When someone you know has cancer, there are lots of things you can do to support them. You can also get support to help you cope with your own feelings.

Your feelings

If someone you know is diagnosed with cancer, you will probably want to help. But you might not know what you can do. Or you may have trouble finding the right words when speaking to them.

You might be so worried about what to say that you avoid talking. This can leave the other person feeling like they are facing the cancer alone.

Although it is not you who has cancer, it can be a very hard time for you too. You will need time to accept things, and you may have many different emotions to cope with.

Talk to a partner, your family or friends about how you feel. You may find they want to share their feelings with you too.

You can also get support from:

  • our cancer support specialists on 0808 808 00 00
  • our Online Community 
  • a counsellor – your GP can give you more information.

We also have separate information for you if the person you are supporting is:

Diagnosis

When someone you know is diagnosed with cancer, it can be frightening. You may worry about the treatment they will have, or how your lives may change.

One of your biggest fears may be that they will die. But many cancers can be cured if they are found early. And when a cancer is not curable, treatment often means it can be controlled for some time.

Knowing about the different stages of having cancer can help you understand what the person is going through.

How cancer is diagnosed

Most people start by seeing their GP if they have symptoms. The GP may refer them to a hospital for tests. After the diagnosis, a cancer specialist usually does further tests to find out more about the cancer. This helps them decide on the best treatment.

See also

How you can help

There are things you can do:

  • Be there for them
    • Visit them, especially if you are worried they are feeling lonely. But let them know it is okay for them to tell you if they want to be alone or do not want visitors.
    • If you cannot visit, you could call or text them, or send an email or a card. Let them know they do not have to reply.
    • Give them time to talk. It is sometimes important that you just listen.
    • Spend time with them. You could go for a walk or watch TV or films together.
    • Suggest they can call the Macmillan Support Line on 0808 808 00 00 to find out how we can help them.
  • Be there for hospital appointments
    • Help them plan for appointments. Ask if they have questions or things they want to say. Suggest they write notes to take with them on the day.
    • Offer to go with them to the appointment for support and to talk about things afterwards. You can wait for them in the waiting room if they want to go to the appointment alone.
    • If you are with them during the appointment, offer to write things down to help them remember what is said. Before you go, ask them how much they want you to be involved. They may be happy for you to ask questions, but it is best to check in advance.
    • Doctors and nurses cannot give you any information without permission from the person with cancer. They can tell their doctor if they are happy for treatment information to be shared with named people. The doctor can then record this in their case notes. If the person with cancer is your partner, you do not have to be married or in a civil partnership to do this.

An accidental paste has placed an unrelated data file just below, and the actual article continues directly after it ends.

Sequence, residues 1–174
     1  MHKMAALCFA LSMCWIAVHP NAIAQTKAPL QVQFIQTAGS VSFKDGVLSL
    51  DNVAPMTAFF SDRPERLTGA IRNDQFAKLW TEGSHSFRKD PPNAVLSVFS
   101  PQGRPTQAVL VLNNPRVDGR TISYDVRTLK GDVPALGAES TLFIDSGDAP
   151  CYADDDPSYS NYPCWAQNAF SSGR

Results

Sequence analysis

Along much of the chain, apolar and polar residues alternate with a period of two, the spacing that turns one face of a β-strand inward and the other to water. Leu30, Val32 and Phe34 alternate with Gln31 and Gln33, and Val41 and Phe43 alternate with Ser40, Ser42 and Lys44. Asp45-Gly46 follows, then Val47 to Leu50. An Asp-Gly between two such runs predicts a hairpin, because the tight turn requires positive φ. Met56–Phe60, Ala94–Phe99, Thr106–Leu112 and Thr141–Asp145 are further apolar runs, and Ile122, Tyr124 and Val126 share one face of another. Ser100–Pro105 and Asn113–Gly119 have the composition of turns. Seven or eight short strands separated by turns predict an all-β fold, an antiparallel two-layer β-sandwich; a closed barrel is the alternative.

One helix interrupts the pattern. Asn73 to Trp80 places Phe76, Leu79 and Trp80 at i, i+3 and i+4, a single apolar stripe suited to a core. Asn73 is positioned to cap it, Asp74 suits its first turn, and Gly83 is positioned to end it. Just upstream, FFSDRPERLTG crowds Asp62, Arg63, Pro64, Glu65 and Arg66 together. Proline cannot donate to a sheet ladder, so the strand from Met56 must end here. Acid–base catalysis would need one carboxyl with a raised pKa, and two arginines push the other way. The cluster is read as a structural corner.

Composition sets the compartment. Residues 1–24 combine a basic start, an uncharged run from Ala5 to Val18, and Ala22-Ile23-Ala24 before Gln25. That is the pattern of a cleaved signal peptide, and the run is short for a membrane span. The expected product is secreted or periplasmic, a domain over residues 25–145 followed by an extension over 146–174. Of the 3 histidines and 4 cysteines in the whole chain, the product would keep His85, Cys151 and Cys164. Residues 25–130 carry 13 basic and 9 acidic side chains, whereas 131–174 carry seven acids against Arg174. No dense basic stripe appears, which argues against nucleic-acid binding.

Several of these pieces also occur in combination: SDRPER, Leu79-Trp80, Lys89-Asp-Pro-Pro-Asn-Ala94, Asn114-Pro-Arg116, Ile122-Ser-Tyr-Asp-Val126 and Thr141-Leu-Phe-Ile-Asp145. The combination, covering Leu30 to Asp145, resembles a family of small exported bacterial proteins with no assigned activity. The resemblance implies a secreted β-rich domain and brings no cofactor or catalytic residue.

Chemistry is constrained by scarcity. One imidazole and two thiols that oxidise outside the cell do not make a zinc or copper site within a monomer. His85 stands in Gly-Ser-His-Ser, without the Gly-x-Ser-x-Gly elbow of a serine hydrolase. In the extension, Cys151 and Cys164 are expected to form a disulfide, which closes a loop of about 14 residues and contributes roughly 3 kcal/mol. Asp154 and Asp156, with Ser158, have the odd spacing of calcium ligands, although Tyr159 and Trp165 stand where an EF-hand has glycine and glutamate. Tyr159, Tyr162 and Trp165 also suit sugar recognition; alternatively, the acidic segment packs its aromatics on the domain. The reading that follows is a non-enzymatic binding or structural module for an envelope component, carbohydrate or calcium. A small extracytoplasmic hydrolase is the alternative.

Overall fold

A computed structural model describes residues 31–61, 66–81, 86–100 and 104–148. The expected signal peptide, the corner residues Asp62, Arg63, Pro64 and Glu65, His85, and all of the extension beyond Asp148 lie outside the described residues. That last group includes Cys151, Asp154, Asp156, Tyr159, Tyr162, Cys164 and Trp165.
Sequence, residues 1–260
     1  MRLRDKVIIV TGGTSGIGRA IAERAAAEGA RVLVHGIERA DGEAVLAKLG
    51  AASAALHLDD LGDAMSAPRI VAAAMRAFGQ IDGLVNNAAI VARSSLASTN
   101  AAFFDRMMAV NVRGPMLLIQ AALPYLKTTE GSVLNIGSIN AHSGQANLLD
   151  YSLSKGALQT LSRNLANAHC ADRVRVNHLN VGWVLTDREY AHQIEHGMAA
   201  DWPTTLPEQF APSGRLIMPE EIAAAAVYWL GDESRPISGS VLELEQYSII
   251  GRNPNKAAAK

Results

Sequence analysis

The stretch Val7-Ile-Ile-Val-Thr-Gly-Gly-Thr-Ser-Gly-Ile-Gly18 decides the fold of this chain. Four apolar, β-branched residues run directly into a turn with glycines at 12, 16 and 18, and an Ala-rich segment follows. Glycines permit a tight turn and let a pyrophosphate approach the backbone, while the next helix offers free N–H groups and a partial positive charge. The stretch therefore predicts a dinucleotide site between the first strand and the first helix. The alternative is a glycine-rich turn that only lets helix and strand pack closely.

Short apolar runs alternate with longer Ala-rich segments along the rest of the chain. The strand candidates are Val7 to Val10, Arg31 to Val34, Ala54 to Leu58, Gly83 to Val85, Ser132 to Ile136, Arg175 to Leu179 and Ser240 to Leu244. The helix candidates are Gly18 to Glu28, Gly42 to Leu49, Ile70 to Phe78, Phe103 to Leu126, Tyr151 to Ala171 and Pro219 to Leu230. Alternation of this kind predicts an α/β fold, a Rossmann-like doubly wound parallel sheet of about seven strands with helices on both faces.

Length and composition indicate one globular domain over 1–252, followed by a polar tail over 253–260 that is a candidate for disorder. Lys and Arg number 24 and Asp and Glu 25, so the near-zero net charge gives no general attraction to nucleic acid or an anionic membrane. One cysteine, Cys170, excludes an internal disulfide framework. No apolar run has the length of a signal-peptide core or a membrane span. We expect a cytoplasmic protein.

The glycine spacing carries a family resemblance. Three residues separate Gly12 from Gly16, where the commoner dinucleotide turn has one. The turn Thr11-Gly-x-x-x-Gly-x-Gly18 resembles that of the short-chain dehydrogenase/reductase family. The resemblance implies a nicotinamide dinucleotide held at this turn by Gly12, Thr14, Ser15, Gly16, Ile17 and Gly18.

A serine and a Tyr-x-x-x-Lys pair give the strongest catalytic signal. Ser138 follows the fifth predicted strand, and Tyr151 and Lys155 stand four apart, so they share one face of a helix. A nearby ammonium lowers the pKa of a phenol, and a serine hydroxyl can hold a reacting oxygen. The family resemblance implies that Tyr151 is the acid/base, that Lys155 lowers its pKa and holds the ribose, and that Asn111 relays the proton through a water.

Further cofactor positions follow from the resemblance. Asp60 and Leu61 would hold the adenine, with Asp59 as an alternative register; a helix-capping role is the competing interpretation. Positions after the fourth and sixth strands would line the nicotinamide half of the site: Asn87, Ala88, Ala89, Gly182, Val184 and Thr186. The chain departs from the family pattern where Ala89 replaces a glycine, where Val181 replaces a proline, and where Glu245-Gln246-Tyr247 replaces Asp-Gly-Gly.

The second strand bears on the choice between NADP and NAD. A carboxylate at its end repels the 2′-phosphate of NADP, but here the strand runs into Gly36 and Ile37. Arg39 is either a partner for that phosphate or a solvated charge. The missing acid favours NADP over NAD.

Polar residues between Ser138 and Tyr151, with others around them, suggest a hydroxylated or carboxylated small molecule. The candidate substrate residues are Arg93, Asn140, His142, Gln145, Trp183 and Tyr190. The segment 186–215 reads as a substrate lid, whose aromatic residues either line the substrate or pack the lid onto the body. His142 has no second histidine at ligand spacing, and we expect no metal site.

• Be there between appointments
    • Having information may help the person with cancer feel more in control. You can tell them about the cancer information on our website and in our booklets.
    • They might like to organise the information they have been given and keep a record of things like their symptoms. You could tell them about the free Macmillan Organiser.
    • Remember they may not want to know all the details when they are diagnosed with cancer. Ask how much information they want.

Talking about diagnosis

You may worry about how the person with cancer will react if you talk to them about their diagnosis. You may feel unsure about what to do if they cry or get angry. Or you might be worried that talking about the cancer will make them feel worse. But the opposite might be true. Not talking about a fear or worry can make it feel bigger.

We have advice to help you make talking and listening easier and deal with difficulties.

Treatment

The main cancer treatments are:

Often a combination of more than one type of treatment is used.

Different treatments cause different side effects. These can include:

Side effects can usually be reduced in some way. The person's healthcare team can give them advice about how to cope with these.

See also

How you can help

If they are in hospital

  • Text or call to check if they want you to visit.
  • Do not visit if you are not feeling well.
  • Visit during visiting hours, and do not stay too long if they are tired.
  • Take them a book, magazine, some music or something else you know they enjoy.
  • Update them on what is happening with family members, friends or colleagues.
  • Ask if anything needs doing at home that you can help with.

If they are at home

  • If they have a carer, offer to visit so the carer can have a break.
  • Ask how often they would like you to visit – they will need time to rest.
  • Do not visit if you are not feeling well.
  • Ask if there is anything you can do to help. For example, ask if you could do some laundry, pick the children up from school, take care of a pet or weed the garden.
  • If they feel up to it, suggest doing some gentle exercise together, like going for a short walk.